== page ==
Today I received a letter from the Prime Minister's chief of staff, who subsequent to his appearance before the ethics committee on the subject matter, provided copies of the letters that he sent out to the ministers indicating that it is a responsibility of the government to promote accountability, transparency and openness. I think the House concurs. It is the law. It is a charter right.
I know where some of the confusion has arisen for some members who may have looked at this. It is one of those cases that if we just hear the short version, or the summary, we may get an impression which is not reflective of the full detail of the bill. The summary of this bill states, “This enactment amends the Income Tax Act to revoke the registration of a charitable organization, public foundation or private foundation if the annual compensation it pays to any single executive or employee exceeds $250,000”, period.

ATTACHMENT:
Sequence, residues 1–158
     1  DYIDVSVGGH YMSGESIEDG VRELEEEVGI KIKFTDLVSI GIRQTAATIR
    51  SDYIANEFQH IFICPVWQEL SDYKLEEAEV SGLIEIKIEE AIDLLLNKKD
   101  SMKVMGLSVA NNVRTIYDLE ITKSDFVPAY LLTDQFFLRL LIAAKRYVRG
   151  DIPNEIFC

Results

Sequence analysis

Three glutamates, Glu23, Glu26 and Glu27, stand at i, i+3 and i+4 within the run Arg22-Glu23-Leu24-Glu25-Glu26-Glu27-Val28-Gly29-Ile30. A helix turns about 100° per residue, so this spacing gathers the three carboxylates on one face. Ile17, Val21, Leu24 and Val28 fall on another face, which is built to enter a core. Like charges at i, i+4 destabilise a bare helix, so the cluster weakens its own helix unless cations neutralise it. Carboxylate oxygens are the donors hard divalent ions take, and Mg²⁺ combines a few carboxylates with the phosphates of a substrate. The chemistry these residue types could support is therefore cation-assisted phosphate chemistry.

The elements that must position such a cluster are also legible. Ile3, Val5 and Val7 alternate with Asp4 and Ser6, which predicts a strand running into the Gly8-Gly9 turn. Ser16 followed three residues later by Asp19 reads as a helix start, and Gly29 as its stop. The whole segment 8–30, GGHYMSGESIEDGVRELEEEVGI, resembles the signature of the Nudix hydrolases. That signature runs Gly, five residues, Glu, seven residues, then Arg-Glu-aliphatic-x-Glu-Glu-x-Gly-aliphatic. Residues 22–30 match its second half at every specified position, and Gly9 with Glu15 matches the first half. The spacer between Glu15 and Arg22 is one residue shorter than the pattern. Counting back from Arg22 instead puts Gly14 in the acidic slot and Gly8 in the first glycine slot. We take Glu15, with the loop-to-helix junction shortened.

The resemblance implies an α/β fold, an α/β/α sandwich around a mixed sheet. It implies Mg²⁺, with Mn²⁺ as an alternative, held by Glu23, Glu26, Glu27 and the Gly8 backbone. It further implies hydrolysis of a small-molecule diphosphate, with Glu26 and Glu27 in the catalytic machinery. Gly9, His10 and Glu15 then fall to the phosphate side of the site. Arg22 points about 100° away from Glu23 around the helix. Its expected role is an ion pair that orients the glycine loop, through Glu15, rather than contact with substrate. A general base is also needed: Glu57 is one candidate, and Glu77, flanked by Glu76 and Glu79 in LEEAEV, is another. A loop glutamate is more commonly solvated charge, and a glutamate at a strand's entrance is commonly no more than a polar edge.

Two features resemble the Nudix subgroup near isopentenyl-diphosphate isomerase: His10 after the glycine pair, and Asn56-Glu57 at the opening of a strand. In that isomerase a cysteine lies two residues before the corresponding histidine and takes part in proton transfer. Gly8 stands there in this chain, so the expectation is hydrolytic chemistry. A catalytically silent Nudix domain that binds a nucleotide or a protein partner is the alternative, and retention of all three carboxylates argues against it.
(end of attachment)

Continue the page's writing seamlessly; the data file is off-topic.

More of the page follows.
That is how the summary was drafted, but that is not exactly what the bill would do. The bill would not revoke the registration of a charity, or a private or a public foundation, if it pays any one person more than $250,000. The bill requires the disclosure and the minister may look at it. It is not absolute; it is optional. It is a matter that the minister may invoke if there is clear abuse. There is some ministerial discretion. This is not a black and white situation, that if a charity pays somebody over $250,000 that, all of a sudden, the registration of the charity is revoked.
I hope that members will look carefully at this. This is one question that has to be totally clarified in committee to absolutely ensure, to the assurance of all hon. members, that this bill is not an attack on charities.